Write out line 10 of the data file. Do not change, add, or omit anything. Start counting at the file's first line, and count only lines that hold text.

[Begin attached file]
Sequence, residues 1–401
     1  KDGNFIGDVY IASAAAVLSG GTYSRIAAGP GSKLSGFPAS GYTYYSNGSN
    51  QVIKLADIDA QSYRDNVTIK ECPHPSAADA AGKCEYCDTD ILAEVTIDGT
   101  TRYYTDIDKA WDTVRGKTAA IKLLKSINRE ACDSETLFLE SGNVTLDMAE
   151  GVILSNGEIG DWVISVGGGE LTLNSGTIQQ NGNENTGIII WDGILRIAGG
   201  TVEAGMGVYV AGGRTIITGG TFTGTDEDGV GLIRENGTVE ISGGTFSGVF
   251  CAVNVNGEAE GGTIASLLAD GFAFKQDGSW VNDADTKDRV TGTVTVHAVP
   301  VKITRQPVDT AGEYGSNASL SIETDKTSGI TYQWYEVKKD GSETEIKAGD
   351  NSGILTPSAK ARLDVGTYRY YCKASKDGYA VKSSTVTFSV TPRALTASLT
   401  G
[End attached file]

   401  G